the experiments: experiment one evo.

experiments continue image © https://pixabay.com/users/skeeze-272447/

I increased the mileage this week to start on the 20-mile run experiments. The extra distance meant that something had to change with respect to the last week’s experiment also. Rather than try out anything too different for my first 20-mile run in some time, I decided to evolve last week’s run and replace the 5km segments with 4-mile segments to gain the extra ~2 miles.

analysis

There is always the feeling of “ugh! 20!” when you haven’t run a 20-miler in a while. However, my runs have been going so well this year that I was actually looking forward to hitting this benchmark of marathon training again. The wind obviously didn’t get the memo though – a gale was out to meet me.

the experiments continue: happy with the splits, again faster on the second sub-pace segment than the first
focus on splits 4-7 and 14-17: just like last time, faster on the second sub-pace segment with tired legs

The results are not unlike the predecessor to this evolution. Again, the second sub-pace segment when the legs are presumably not as fresh, was faster than the first (view Garmin details). I run these experiments on the Waterford Greenway. The Greenway has no traffic (other than bicycles and pedestrians) and as such is a controlled and predictable route. The stunning scenery certainly helps keep the mind distracted too. I have included elevation details above so that you can see the gain/drop in both directions. More importantly you can see that splits typically have some up and down. Even if the miles are a net positive/negative gain overall there is variation. Ultimately what I’m showing here is that there is no big hill to climb on the way out. Neither is there a fast drop on the way back that would grossly affect my times in either direction.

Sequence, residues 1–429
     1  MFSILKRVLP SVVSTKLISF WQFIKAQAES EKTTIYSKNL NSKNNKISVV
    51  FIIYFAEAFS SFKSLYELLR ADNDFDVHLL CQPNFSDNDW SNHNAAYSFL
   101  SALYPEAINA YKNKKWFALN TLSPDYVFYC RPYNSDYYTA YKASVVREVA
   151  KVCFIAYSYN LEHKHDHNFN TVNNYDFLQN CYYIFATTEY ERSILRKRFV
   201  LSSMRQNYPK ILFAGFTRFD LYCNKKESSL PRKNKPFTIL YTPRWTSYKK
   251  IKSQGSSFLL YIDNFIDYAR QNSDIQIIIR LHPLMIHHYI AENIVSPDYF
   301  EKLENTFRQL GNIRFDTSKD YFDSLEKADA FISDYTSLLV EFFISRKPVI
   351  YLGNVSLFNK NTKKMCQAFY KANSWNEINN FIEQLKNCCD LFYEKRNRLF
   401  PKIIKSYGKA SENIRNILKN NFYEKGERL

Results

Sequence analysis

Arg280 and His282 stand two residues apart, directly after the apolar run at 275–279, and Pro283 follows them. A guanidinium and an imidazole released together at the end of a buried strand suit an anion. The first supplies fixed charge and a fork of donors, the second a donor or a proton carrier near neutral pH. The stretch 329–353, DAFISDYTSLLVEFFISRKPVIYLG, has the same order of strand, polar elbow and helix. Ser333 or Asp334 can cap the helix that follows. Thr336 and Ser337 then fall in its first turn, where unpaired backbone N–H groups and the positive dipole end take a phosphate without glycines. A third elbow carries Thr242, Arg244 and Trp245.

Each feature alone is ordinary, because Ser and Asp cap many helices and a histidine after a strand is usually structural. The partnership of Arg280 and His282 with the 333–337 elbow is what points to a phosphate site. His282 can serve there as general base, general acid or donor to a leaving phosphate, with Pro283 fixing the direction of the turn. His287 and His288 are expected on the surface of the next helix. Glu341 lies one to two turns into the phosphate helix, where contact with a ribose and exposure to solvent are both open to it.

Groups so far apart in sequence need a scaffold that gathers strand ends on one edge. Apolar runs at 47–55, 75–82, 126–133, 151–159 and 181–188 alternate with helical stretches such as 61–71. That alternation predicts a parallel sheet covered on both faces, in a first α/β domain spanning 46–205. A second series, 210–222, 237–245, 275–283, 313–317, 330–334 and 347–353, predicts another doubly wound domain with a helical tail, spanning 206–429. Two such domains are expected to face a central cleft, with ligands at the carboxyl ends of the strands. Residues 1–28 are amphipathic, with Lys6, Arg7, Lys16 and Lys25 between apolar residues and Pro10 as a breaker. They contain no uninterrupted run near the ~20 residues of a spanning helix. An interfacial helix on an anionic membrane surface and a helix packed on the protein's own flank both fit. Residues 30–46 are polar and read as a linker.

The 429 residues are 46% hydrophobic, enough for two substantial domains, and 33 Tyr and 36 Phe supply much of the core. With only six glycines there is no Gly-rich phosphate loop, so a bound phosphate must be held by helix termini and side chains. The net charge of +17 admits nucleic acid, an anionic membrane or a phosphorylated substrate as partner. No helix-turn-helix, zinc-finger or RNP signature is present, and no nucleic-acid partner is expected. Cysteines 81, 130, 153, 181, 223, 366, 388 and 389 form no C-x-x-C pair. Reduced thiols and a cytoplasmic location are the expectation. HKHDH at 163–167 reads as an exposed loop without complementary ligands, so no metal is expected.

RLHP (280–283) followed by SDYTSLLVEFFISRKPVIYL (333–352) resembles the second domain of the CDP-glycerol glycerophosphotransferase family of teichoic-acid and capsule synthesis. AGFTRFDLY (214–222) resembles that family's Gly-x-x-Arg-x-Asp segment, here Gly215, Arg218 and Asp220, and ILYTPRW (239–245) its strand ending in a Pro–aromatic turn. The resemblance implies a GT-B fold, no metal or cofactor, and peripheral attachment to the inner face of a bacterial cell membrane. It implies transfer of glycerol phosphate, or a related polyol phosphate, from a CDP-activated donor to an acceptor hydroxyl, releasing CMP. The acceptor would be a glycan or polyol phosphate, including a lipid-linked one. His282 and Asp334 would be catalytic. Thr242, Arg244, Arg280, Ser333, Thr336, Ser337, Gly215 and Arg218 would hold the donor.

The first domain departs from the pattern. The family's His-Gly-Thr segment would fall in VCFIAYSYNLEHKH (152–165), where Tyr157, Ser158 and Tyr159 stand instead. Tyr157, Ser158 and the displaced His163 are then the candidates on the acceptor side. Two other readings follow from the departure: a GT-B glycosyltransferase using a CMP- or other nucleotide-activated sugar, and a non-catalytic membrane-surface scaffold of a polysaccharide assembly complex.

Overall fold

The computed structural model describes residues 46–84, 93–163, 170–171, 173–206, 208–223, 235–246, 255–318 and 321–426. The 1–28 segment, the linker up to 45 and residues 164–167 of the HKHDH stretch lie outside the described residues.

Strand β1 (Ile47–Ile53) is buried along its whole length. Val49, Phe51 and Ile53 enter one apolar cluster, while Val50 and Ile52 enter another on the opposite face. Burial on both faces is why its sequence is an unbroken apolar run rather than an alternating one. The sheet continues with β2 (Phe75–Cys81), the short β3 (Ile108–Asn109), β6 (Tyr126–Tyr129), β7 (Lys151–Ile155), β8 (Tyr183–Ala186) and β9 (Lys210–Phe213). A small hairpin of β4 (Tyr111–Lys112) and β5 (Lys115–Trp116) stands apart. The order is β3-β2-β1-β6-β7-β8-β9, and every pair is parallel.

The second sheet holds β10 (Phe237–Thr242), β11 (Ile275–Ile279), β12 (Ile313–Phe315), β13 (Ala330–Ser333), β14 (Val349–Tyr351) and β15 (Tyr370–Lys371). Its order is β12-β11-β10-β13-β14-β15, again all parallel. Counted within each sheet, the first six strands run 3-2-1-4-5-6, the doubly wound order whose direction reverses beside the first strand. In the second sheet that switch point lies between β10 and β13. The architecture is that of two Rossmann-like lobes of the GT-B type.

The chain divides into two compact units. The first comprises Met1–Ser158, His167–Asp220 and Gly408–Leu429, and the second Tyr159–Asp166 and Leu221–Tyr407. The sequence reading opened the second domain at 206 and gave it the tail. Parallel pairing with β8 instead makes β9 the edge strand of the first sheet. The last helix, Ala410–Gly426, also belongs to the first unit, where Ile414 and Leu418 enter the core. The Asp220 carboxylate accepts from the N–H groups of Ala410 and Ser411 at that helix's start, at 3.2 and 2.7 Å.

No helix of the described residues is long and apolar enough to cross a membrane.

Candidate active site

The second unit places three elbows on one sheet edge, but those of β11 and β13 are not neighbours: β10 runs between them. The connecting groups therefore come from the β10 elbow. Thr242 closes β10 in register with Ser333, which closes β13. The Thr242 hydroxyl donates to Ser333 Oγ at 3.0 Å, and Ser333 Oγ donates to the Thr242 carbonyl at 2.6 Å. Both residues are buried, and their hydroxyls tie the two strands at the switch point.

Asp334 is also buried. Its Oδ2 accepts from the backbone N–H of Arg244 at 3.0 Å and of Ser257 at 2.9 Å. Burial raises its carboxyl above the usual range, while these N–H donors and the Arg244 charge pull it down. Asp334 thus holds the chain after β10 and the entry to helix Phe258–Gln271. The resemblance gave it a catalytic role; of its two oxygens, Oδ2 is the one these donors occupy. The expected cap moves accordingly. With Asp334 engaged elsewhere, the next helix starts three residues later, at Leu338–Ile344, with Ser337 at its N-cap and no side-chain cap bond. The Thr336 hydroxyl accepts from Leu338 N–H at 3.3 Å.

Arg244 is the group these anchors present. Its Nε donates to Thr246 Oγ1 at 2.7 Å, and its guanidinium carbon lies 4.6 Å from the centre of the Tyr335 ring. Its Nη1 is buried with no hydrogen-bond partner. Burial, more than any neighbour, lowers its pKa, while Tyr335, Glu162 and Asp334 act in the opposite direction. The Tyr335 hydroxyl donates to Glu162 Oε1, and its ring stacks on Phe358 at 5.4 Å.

My discipline still needs a bit of work though. I must iron out those erratic splits between the sub-pace segments. This multi-phase, parabolic pacing strategy is not going to work if I’m not treating the recovery segments with respect.

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